|Thu Apr 25 2019 14:57:06|
Returns Are the Hottest Thing in Ecommerce
By: Ina Steiner
Companies are falling all over themselves to make it easier for buyers to return things - PayPal, Amazon, and Kohl's among them. But there's a cold hard fact behind such initiatives: they help retailers gain information that can help them control returns abuse. Unfortunately, marketplace sellers don't have the same ability to identify and potentially block serial returners.
This week brought fresh evidence that retailers believe how they handle returns is crucial. PayPal is investing in Happy Returns
, leading a strategic funding round of $11million ("the same company that took the friction out of payments wants to take the friction out of retail returns," Happy Returns told us). And Amazon will soon allow customers to return purchases
to all of Kohl's 1,150+ stores.
PayPal may gain additional insight into returns behavior with its investment in Happy Returns - it will be interesting to see how it can leverage that data. (Update: Dan Davis connected the dots, responding to our tweet: "PayPal announces investment in returns service provider a couple weeks after announcing a change to their UA whereby PayPal will keep fees on returns and refunds." See "PayPal Just Made Returns and Refunds More Expensive.")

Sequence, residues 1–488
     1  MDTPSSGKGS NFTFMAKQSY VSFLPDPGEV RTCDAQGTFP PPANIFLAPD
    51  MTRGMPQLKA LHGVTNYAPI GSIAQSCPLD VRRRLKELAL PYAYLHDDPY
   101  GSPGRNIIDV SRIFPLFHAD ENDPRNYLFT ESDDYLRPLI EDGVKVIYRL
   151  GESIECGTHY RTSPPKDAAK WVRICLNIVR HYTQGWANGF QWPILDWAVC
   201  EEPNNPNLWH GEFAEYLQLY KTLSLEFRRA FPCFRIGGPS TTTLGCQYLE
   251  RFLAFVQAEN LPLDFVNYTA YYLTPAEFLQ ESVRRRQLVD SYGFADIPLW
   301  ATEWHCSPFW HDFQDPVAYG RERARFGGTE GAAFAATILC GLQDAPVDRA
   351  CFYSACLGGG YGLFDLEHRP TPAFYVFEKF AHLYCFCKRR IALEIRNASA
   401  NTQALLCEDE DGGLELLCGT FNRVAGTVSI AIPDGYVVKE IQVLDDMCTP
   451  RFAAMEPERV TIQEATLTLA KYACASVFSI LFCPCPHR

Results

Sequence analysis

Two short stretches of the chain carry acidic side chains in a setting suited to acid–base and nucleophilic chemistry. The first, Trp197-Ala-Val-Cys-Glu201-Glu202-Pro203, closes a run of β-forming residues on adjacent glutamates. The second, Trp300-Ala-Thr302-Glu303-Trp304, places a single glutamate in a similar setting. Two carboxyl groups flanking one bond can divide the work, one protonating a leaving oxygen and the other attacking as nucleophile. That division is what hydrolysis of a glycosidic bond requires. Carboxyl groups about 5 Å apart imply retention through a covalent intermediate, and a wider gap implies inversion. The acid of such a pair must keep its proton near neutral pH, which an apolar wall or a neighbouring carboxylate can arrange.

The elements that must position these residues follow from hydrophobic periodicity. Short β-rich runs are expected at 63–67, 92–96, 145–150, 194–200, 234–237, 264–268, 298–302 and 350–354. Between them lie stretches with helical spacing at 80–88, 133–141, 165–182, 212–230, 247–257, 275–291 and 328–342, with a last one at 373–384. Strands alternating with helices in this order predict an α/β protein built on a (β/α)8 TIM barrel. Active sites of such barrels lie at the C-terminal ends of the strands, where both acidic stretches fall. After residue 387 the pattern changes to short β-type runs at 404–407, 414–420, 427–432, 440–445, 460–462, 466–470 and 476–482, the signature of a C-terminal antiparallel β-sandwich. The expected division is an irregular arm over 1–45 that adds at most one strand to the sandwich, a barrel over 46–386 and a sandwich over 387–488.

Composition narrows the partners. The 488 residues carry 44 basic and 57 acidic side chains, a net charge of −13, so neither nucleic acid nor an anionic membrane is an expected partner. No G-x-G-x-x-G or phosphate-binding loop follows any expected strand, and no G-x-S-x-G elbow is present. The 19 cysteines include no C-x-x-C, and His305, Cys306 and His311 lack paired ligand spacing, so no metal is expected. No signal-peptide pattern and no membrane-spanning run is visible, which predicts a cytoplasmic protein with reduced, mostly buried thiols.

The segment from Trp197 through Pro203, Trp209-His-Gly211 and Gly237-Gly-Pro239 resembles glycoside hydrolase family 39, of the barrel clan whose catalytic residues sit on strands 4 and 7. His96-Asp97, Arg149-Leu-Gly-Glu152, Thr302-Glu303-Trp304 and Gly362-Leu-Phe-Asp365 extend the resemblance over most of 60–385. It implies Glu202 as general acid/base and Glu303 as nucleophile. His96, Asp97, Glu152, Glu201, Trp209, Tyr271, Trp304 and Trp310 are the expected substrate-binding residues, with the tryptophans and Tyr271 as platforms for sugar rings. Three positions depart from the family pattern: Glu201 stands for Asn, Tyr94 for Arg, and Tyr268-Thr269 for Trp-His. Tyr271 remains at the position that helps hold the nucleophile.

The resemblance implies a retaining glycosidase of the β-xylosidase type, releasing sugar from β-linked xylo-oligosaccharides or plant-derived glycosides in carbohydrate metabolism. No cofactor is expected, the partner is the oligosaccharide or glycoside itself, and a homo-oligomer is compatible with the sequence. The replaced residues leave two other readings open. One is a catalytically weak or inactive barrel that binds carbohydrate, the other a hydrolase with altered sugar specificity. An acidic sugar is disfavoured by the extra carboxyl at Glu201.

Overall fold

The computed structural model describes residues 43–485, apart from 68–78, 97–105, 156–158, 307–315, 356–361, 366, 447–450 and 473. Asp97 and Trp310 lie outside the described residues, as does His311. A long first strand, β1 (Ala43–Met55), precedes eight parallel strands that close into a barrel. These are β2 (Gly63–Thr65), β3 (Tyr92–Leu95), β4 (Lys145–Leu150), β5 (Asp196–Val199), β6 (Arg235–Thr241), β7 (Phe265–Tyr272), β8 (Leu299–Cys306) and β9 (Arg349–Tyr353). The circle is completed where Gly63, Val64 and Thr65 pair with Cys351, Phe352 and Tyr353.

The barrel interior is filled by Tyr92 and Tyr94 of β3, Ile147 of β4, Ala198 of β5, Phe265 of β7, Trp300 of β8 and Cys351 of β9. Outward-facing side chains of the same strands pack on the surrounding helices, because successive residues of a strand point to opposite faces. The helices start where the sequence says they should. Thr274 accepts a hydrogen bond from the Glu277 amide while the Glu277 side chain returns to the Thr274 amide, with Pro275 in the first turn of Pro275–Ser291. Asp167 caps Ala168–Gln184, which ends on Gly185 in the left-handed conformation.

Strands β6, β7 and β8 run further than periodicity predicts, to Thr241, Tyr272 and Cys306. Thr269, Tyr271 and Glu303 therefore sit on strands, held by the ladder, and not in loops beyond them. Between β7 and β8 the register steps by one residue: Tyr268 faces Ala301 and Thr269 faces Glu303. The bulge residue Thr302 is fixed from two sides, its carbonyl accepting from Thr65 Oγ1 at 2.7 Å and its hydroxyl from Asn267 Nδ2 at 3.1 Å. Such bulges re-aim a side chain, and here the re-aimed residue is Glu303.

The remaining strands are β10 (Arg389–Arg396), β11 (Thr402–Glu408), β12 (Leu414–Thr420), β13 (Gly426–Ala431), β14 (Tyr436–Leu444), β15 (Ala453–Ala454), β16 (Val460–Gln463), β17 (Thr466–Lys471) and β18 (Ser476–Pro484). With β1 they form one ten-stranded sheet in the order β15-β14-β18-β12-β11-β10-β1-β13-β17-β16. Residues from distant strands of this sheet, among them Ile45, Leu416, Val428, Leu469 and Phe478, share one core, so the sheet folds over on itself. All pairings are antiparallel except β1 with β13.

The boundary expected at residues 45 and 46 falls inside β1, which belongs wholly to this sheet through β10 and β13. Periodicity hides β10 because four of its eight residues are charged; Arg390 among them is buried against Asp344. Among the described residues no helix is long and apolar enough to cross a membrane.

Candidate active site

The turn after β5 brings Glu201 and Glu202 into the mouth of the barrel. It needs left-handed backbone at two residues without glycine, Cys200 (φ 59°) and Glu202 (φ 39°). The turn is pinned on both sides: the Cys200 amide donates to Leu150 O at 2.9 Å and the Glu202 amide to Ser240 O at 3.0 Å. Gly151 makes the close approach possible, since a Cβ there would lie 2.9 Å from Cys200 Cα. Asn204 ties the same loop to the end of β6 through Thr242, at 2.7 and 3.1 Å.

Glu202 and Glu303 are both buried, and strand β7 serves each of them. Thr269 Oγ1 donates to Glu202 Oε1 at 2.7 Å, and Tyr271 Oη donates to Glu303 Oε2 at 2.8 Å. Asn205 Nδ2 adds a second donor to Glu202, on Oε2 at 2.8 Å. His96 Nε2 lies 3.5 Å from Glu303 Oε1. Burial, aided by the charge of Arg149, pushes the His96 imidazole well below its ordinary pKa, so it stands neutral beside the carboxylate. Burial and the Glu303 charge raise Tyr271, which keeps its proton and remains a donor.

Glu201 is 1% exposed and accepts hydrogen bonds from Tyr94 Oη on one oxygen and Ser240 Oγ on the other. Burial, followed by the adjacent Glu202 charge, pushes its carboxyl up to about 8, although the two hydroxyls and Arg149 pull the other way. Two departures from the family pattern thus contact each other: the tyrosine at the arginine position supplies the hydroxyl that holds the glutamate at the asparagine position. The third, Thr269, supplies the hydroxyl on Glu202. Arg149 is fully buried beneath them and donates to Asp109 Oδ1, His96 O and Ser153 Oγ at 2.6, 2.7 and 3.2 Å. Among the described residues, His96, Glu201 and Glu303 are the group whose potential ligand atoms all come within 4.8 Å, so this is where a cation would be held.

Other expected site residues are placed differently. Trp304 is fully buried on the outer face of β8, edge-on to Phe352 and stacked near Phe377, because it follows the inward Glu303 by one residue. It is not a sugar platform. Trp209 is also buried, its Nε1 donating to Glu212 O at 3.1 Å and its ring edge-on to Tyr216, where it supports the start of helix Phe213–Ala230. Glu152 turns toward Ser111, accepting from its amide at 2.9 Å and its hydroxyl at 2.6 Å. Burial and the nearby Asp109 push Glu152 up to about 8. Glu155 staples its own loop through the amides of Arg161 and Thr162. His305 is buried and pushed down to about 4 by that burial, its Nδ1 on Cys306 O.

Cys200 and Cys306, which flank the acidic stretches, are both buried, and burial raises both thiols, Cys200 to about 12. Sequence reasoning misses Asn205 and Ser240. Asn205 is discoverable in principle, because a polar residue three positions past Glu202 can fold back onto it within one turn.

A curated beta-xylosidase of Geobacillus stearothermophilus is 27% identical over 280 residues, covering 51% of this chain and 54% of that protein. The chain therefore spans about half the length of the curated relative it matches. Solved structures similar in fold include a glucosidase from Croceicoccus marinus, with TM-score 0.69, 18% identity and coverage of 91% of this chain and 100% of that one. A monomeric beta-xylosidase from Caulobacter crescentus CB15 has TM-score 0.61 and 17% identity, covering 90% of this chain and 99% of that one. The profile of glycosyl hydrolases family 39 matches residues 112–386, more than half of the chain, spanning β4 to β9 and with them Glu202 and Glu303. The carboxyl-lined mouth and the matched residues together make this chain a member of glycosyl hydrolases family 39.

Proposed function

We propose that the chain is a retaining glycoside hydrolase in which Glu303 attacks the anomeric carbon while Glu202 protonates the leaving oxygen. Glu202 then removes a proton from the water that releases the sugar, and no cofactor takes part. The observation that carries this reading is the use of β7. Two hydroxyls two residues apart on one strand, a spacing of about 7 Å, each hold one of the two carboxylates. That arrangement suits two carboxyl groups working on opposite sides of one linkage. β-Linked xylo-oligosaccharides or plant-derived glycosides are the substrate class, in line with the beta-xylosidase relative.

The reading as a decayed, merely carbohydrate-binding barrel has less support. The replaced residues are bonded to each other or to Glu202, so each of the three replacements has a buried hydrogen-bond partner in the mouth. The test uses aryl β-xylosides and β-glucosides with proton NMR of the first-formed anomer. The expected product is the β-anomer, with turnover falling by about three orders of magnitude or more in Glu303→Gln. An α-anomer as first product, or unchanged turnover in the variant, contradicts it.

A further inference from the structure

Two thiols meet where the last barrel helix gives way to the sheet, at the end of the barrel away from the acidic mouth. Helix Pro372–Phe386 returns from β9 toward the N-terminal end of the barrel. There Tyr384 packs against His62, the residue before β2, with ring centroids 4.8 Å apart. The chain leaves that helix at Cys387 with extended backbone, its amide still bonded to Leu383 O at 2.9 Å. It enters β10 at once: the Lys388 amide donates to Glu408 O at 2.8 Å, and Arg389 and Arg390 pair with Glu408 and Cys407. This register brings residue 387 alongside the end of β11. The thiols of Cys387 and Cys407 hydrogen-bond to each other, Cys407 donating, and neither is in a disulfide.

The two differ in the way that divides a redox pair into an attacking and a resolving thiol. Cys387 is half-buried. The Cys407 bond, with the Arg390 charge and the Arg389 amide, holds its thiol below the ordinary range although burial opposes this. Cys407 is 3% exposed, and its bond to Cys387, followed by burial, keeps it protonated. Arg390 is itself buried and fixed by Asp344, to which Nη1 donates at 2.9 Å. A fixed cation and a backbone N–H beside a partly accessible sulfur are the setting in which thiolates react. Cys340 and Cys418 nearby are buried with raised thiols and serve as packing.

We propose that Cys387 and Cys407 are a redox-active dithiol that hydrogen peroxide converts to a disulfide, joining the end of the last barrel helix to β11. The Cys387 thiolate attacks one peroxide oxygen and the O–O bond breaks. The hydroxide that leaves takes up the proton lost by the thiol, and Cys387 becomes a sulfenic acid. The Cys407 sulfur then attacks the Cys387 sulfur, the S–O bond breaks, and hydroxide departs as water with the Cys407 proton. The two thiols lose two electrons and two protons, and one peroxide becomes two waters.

Unfortunately, third-party sellers on marketplaces such as Amazon and eBay have very little control over returns and little ability to spot returns abusers. And while the marketplaces themselves can spot serial returners, it isn't necessarily in their best interest to take action, since the seller bears the cost, not the marketplace.
Meanwhile, according to Bstock Solutions
, many retailers are re-examining their returns policies due to serial returners. It cites some interesting research including the following:
- Returns from online fashion purchases will have an impact of £6.6 billion for UK retailers
- US loss from annual merchandise return fraud is estimated at $17.6 billion
- 55% of UK fashion and clothing brands would consider ‘banning serial returners’
- Millennials (aged 25-34) are the worst culprits for wardrobing with 21% confessing to buying with the intention of sending back, closely followed by Generation Z (aged 18-24) at 19%
- Of those who have admitted to wardrobing, 55.6% of men had done so more than once in the last 18 months, compared to just 31.3% of women
- 69.5% of the 200 retailers surveyed believed that wardrobing was common
Bstock said further study on fraudulent returns indicates that the worst serial returners might also be a retailer's best customer. But while a shopper who returns an item to a marketplace seller may purchase another item on the platform, it might not be from the same seller, which is another reason sites like eBay may be loathe to punish serial returners.